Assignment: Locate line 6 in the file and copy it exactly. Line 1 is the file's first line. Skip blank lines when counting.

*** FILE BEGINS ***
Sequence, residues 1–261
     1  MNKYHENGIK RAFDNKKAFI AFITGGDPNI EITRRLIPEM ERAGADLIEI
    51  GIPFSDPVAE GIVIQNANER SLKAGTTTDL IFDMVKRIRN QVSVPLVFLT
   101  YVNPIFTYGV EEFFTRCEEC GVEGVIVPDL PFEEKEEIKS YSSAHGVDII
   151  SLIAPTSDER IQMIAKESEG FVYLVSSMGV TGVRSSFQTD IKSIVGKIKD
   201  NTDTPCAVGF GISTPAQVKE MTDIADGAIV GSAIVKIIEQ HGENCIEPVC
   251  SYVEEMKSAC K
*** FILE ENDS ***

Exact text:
   201  NTDTPCAVGF GISTPAQVKE MTDIADGAIV GSAIVKIIEQ HGENCIEPVC